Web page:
The Bentley S-type and Rolls-Royce Silver Cloud represented important changes for Bentley and Rolls-Royce with an all new independent front suspension X-braced chassis, wider track, four-wheel hydraulic brakes (retaining mechanical actuation to the rear wheels), an increase to 4,887cc in engine displacement, new six-port cylinder head and dual SU carburetors. Most important, though, was a new coachwork design that de-emphasized the fenders. Custom coachbuilders like Harold Radford, James Young, Freestone & Webb and Hooper enthusiastically endorsed the new Rolls-Royce/Bentley design concept and continued to endow both Rolls-Royce and Bentley with distinctive, individual and graceful designs. Notably among them is this 1956 Bentley S1 sedan by H.J. Mulliner. Even more refined that the standard steel saloon bodies, it continued the tradition of bespoke British coachwork while incorporating features like the rear-hinged doors that facilitated graceful entry and exit, especially with the assistance of a chauffeur or footman.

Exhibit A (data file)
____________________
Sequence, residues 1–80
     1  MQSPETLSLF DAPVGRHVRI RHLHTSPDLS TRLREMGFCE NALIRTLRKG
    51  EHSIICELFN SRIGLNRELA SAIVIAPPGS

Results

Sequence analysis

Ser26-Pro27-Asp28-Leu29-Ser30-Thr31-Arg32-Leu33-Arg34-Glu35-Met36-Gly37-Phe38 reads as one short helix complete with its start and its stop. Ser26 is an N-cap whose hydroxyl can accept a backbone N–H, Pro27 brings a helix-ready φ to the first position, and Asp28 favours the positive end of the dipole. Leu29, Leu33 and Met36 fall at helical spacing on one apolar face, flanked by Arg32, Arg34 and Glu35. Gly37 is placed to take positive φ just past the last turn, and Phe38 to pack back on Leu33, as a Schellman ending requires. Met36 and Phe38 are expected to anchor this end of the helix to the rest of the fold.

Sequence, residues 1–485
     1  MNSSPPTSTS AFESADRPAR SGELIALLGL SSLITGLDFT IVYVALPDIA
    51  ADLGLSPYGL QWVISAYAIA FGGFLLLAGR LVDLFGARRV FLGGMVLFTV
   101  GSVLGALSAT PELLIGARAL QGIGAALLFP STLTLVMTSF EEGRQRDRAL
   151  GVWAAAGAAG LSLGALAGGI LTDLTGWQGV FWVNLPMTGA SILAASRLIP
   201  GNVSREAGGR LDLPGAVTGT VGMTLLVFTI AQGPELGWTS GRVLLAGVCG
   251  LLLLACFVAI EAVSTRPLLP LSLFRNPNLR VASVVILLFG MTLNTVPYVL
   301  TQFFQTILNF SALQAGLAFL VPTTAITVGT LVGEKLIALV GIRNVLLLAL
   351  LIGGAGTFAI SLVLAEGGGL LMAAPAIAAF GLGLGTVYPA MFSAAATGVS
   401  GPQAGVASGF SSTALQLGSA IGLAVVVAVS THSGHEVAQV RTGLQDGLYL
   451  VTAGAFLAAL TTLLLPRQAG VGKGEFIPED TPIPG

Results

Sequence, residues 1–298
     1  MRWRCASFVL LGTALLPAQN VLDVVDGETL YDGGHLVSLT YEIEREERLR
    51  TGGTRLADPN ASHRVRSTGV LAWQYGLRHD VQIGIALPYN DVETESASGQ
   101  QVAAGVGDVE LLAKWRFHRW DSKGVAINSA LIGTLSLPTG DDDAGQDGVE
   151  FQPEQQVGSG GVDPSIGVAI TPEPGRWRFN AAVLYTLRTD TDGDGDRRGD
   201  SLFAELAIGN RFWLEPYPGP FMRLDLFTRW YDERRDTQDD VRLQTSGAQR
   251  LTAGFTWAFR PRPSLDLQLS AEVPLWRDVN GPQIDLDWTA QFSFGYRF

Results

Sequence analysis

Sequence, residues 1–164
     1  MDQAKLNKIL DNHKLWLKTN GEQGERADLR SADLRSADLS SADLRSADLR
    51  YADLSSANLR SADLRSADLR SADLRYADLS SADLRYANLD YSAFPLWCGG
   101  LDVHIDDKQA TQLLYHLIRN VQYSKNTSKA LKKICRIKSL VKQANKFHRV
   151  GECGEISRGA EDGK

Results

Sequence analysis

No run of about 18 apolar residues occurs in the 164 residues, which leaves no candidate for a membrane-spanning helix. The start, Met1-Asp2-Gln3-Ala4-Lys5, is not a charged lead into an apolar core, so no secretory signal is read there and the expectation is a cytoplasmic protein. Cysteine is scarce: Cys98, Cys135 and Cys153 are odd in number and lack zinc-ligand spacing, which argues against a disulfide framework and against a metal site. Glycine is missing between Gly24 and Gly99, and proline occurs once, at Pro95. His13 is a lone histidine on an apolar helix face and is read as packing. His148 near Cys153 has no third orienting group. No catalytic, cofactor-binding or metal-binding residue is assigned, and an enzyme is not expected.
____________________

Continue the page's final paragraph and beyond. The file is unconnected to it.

This 1956 Bentley S1 sedan by H.J. Mulliner epitomizes the quality and refinement that Bentley automobiles had come to reflect. A righthand drive car, it is finished in subtle grey with matching grey leather upholstery and carpets. The interior is fitted with a radio and writing tables (no Grey Poupon in a Bentley). Paint, chrome and interior are very attractive and the Bentley runs and drives as a Bentley should: well. Bespoke bodied Bentley S1s are not only rare but also exhibit fine touches and details in their appointments and details that complement H.J. Mulliner's refined coachwork design and execution. This is quality motoring at its Fifties best, and even more luxurious, exclusive and refined today than it was six decades ago.